Workers deserve to hear all sides of a story


Employers who care about their employees’ best interests should not agree to deprive workers of information about unionization. Neither should state lawmakers or the federal government.

The Biden Administration, however, appears to be warm to such deprivation. Through various contract provisions and federal funding decisions, it appears to be seeking to force employers who contract with the government into accepting neutrality agreements. Washington state representatives should intervene as they can and stand up for workers’ rights. State lawmakers should also champion the free-speech rights of employers and workers’ rights to information on the state level. 

What is a neutrality agreement?

Neutrality agreements are contracts that require employers to stay silent in union organization efforts. They mean that employers can’t freely offer knowledge of workplace realities, counter misleading information given by an outside organization or give workers “cons” to a union’s “pros.” Long-sought by unions, neutrality agreements allow unions to give workers the information of their choosing while gagging employers. 

Requiring employers to remain silent during unionization efforts can leave workers with a one-sided argument — the union’s side. Long-standing precedent in which the judicial and legislative branches of government have defended worker rights would send the Biden Administration to detention for trying to deprive workers of their right to information.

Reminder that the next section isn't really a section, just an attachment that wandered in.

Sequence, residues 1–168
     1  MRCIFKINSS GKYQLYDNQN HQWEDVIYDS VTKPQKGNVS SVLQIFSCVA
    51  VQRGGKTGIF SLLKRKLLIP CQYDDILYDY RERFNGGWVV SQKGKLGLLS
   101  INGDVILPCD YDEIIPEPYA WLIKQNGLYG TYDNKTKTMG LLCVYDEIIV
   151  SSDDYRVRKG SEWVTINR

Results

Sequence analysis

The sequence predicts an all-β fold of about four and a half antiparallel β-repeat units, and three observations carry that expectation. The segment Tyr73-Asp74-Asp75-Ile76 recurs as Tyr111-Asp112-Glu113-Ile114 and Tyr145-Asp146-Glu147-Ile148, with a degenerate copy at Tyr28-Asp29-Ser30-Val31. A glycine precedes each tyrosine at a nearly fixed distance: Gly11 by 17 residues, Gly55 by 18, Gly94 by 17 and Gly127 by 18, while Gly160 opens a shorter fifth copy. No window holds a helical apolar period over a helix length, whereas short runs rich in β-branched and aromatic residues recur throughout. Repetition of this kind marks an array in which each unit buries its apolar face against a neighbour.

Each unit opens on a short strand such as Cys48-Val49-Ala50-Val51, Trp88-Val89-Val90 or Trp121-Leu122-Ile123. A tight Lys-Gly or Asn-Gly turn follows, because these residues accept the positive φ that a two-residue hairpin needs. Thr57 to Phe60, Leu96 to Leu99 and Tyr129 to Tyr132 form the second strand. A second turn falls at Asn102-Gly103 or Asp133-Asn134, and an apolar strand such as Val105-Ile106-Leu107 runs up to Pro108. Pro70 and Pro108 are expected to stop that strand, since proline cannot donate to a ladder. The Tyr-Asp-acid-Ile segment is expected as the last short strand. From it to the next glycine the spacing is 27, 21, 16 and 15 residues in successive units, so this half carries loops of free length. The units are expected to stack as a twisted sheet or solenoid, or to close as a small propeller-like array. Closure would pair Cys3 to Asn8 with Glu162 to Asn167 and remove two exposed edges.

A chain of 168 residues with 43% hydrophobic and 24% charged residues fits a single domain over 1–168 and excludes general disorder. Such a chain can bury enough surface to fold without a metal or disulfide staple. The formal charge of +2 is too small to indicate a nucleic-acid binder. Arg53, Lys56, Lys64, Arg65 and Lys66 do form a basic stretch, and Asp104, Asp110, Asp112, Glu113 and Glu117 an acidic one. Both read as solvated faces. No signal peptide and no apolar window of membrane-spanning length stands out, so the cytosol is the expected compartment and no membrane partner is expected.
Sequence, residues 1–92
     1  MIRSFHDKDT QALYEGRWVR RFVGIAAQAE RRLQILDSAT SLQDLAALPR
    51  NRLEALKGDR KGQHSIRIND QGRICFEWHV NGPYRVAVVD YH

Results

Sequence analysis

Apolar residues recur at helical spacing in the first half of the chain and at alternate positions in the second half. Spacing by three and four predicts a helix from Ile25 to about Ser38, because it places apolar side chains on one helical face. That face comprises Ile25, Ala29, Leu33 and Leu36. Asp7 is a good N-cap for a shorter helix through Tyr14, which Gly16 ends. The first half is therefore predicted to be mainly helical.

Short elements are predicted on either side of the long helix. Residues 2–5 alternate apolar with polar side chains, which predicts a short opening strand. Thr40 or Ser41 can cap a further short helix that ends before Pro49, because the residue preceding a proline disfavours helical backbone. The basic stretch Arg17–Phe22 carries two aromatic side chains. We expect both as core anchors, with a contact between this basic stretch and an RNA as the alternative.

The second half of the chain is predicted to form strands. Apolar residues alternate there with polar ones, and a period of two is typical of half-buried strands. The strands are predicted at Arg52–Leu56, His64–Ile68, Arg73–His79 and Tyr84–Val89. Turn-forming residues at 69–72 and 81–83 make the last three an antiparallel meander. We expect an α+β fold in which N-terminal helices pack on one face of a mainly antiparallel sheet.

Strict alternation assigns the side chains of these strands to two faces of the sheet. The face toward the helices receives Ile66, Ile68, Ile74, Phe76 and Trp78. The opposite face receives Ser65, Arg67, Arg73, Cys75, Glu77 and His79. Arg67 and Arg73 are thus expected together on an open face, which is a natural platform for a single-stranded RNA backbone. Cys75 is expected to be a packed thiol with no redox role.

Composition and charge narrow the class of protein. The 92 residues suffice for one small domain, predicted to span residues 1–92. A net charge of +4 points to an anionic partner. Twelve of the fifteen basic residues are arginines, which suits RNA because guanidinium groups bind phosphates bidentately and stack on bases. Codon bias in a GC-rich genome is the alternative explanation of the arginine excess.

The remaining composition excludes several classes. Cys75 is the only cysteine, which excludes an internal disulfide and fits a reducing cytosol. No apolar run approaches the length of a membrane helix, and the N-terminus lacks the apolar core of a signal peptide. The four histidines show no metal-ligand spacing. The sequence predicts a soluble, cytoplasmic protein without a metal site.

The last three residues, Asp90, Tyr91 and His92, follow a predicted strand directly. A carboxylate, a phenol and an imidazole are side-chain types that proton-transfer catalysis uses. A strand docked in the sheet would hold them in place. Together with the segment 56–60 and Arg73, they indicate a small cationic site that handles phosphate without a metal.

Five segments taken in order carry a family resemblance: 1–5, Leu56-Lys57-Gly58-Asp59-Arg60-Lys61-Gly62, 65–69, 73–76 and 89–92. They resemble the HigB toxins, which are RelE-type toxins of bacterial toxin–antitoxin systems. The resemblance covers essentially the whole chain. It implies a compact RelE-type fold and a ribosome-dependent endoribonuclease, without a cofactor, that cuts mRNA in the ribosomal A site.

Knowledge is power 

Workers deserve all the information they can get from as many sources as possible. It also makes sense that many workers would want to hear insight from a trusted employer (or even an untrusted one) who knows their job, who gives them a livelihood and who has a vested interest in the worker’s success. Zipping the lips of employers doesn’t just limit them unfairly, it limits their employees. 

Neutrality agreements also treat workers as if they’re stupid. Workers can hear two or more sides of an argument and come to their own decisions about what is best for them.

A recent whitepaper by the Coalition for a Democratic Workplace talks about neutrality agreements and other controversial tactics that unions are deploying to organize workplaces across the nation. It highlights how neutrality agreements are often tied to “card check” campaigns that deny workers a secret ballot election regarding unionization. Without secret ballot elections, workers have to publicly declare their preferences. That can put them in an awkward position at best and make them vulnerable to coercion, deception and mistreatment at worst.

Biden has said, “You know, you’ve heard me say many times: I intend to be the most pro-union president leading the most pro-union administration in American history.” He’s making good on that promise at workers’ expense. It is incumbent upon Washington state’s federal delegation to step up and defend workers against forced neutrality agreements and against a pro-union administration that doesn’t have their backs.

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